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School alarm strategy

EDUCATION | Legislators in Tennessee hope better school evacuation protocols will save lives

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School alarm strategy
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TENNESSEE LAWMAKERS are considering a bill that would require schools to reexamine their fire alarm evacuation policies. Under the legislation, schools public and private would need to come up with a plan for determining whether a fire alarm was triggered by a fire or some other emergency, such as an active shooter on campus.

The bill comes in response to the March 2023 school shooting at the Covenant School in Nashville that killed three adults and three students. During that attack, third grade student William Kinney, 9, was killed after lining up to exit the classroom as fire alarms sounded in the school. Smoke from the shooter’s gun had triggered the alarms.

“My son diligently did his duty as the line leader of his class that day, attempting to lead them all to safety, and I am so proud of him,” William’s mother, Erin Kinney, told lawmakers in a letter. “But he gave his life for it.”

Under the bill’s current version, schools would be required to train staff and students how to respond if a smoke alarm goes off outside of a scheduled fire drill.

Republican Rep. William Lamberth introduced the bill, which passed the state House 97-0 on Feb. 8. Although Democratic legislators supported the measure, some still want to see stricter gun control as well. Gun control proposals since the Covenant shooting have failed to gain traction in Tennessee’s Republican-controlled Legislature.

The Covenant School has held classes at a different location since the shooting. In December, school officials announced the school would return to its campus in April.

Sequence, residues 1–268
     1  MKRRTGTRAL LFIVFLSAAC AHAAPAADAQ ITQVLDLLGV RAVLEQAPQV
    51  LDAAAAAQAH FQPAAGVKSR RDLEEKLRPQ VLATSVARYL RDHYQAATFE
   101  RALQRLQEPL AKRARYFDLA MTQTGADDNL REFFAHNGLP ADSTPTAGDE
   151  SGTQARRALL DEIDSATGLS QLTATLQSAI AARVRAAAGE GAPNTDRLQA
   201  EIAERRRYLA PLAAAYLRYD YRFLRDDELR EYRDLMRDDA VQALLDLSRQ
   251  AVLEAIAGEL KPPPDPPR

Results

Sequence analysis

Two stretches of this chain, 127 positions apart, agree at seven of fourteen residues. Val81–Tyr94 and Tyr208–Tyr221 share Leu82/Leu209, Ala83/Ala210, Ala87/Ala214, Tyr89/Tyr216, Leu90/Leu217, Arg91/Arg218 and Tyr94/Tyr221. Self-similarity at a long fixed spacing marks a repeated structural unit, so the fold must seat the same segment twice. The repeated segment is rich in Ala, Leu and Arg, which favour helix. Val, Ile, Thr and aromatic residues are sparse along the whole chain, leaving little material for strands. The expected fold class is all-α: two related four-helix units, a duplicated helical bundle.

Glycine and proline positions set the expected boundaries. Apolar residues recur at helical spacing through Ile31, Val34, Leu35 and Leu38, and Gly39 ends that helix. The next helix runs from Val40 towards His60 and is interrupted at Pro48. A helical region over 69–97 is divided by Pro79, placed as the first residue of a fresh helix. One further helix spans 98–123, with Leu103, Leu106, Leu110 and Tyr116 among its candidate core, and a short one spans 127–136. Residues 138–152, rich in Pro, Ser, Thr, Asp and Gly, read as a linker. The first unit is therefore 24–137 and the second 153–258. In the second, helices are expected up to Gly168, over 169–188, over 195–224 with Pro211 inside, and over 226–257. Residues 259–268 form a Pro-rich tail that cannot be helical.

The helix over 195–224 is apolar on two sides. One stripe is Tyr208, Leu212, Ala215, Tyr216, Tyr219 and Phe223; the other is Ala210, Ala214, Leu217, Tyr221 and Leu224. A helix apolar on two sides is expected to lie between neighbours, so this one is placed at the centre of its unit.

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Solving for X

Education officials in San Francisco on Feb. 13 approved a plan to allow eighth graders to take algebra, reversing a 2014 policy restricting the subject to high school. Parents lobbied for the middle school algebra classes that can enable students to take calculus while still in high school. That helps them pursue careers in science, technology, engineering, and mathematics, or STEM fields.

The San Francisco Unified School District passed its previous policy due to concerns that early algebra perpetuated inequalities among underprivileged or underrepresented students, reasoning that more students would be ready to tackle the subject in high school. But ­critics said the district policy itself exacerbated social inequalities, since some families could afford outside algebra classes or tutoring for their children, while other families could not.

According to RAND survey results released Feb. 6, only 20 percent of U.S. principals said their schools offered algebra to any interested eighth grade student, while 65 percent said they offered it only to certain eighth graders. —L.D.

Lauren Dunn

Lauren covers education for WORLD’s digital, print, and podcast platforms. She is a graduate of Thomas Edison State University and World Journalism Institute, and she lives in Wichita, Kan.


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